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MURDOCK: The liberal lingo fandango
Squirting perfume on a smelly label won’t change a meaning
In her book "Statecraft," the late, great British Prime Minister Margaret Thatcher wrote: "Socialists have always spent much of their time seeking new titles for their beliefs, because the old versions so quickly become outdated and discredited."
The Iron Lady was absolutely right, yet again.
America's Democratic left craftily swaps the words associated with its policies. As public opinion or the facts start to escape them — presto — their speeches, articles and TV appearances employ new language. Leftists leave inconvenient lingo behind, like a snake's abandoned skin languishing between desert rocks. Inexplicably, though, the Republican right usually adopts the left's new parlance. This inadvertently advances the collectivist cause.
For instance, leftists understand that the word "liberal" telegraphs bloated, intrusive government at home, a blame-America-first posture overseas, and social programs propelled by victimology. Defining candidates as liberals often assures their defeat.
So, liberals started to call themselves "progressives." Much better. Everyone loves progress.
One cannot blame the left for this linguistic sleight of hand. After all, they like to win elections, too.
What is maddening is that conservative advocates unwittingly aide liberals in this rhetorical jailbreak. Too many officeholders and pundits on the right chomped into the left's bait and began calling them progressives.
This habit is totally counterproductive.
If a bank robber wants to avoid capture, do not help him remove the outfit he wore to the heist. Consequently, conservatives immediately should stop calling leftists "progressives." If statists spurn the liberal label, staple it to their lapels.
Likewise, since data from National Oceanic and Atmospheric Administration satellites confirm that Earth's average temperature stopped rising in 1997, liberals quit banging the "global warming" drum. Instead, they ring the "climate change" bell. This has the priceless advantage of encompassing all unusual weather. Three feet of snow in upstate New York over Memorial Day weekend? While this hardly sounds like "global warming," liberals dub it "climate change." Thus, the left argues, shutter the coal industry — its 91,000 workers be damned.
Again, too many on the right unthinkingly help discredited global warmers like President Obama by parroting the left's "climate change" terminology. Hence, conservatives should drop "climate change." Instead, challenge so-called "global warming." Make environmentalists prove their previous contention — that Earth is warming, despite contradictory satellite observations, and not just changing climate. By definition, Earth does this constantly.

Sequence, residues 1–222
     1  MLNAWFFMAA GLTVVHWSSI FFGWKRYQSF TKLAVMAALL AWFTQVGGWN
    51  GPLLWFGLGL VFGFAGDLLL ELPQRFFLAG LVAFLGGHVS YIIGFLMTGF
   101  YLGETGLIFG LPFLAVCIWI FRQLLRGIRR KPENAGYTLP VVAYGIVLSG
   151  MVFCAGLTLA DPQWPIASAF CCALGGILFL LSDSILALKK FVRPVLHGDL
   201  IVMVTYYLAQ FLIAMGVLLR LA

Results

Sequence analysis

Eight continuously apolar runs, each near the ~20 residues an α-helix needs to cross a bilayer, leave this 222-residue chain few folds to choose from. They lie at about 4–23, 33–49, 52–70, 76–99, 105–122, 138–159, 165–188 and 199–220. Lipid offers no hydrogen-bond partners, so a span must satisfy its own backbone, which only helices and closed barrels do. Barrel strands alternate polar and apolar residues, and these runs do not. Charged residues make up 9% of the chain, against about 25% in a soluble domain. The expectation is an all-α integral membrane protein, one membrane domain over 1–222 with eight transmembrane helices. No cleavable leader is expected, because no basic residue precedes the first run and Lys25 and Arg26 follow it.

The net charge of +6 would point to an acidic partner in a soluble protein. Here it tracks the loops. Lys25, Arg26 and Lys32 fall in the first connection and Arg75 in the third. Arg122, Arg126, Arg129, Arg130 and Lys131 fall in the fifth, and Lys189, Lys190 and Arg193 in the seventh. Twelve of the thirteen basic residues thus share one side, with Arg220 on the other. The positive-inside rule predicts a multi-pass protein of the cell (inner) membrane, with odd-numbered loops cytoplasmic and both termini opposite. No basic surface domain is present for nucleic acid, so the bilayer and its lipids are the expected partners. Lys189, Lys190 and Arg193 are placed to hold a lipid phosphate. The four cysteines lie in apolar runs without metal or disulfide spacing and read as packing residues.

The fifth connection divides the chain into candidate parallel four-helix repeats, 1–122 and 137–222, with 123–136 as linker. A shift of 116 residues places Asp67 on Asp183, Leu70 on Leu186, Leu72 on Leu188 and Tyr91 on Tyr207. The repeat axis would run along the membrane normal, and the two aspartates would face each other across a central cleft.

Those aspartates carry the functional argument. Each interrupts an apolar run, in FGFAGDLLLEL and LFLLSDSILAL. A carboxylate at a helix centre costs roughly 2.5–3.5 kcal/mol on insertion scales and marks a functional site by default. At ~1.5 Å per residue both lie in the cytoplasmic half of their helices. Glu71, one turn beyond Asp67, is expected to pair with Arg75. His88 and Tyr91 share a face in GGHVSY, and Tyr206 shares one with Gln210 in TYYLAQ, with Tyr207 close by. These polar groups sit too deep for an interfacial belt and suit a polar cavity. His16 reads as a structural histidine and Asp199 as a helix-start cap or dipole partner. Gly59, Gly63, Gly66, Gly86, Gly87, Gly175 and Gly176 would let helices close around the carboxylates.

Democrats these days rarely defend food stamps. There is something drably welfare-state about that moniker. Instead, Mr. Obama and his fans now swoon for SNAP, the Supplemental Nutrition Assistance Program, which is the same exact thing. However, SNAP sounds fun, light and breezy — like snapping one's fingers. Here, too, Republicans now debate SNAP. Stop. America's food stamp population has ballooned 47.5 percent under Mr. Obama, from 32.2 million in January 2009 to 47.5 million as of April. A snappy, new name only makes food stamps more appealing and tougher to curb.
Mr. Obama lately has promised to take "executive action" to "get around Congress," when that pesky, old legislative branch foolishly obstructs his enlightened agenda. Executive action is good. It trumps stasis. At least Mr. Obama is doing something. Of course, an executive action is nothing other than an executive order. Yuck. Orders sound bossy and perhaps a touch authoritarian — like decrees. So, conservatives should avoid "executive action" and, instead, greet skeptically any and every "executive order" that Mr. Obama contemplates.
Likewise, rightists should address Obamacare, rather than a slowly disintegrating punchline called the Affordable Care Act.
It's still "gun control," especially when liberals sponsor "gun-safety legislation."
Carbon dioxide helps plants thrive, as we humans exhale it. So, instead of attacking CO2, Mr. Obama now derides "carbon pollution." This cleverly connotes charcoal dust falling from the skies.
Mr. Obama's spendaholism remains a national crisis, even though he praises "investment."
So when progressives oppose climate change and seek more investment in SNAP, Reaganites should reject such jargon. Instead, remind Americans that these are just liberals screaming about global warming and demanding more government spending on food stamps.
Deroy Murdock is a columnist with the Scripps Howard News Service and a media fellow with Stanford University's Hoover Institution.
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